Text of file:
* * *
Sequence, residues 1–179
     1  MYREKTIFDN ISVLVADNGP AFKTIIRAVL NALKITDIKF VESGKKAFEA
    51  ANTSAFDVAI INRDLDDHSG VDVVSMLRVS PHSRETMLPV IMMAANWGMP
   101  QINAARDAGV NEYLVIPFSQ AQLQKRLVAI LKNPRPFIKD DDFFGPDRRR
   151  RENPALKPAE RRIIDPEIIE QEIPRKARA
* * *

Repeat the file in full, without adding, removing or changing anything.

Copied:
Sequence, residues 1–179
     1  MYREKTIFDN ISVLVADNGP AFKTIIRAVL NALKITDIKF VESGKKAFEA
    51  ANTSAFDVAI INRDLDDHSG VDVVSMLRVS PHSRETMLPV IMMAANWGMP
   101  QINAARDAGV NEYLVIPFSQ AQLQKRLVAI LKNPRPFIKD DDFFGPDRRR
   151  RENPALKPAE RRIIDPEIIE QEIPRKARA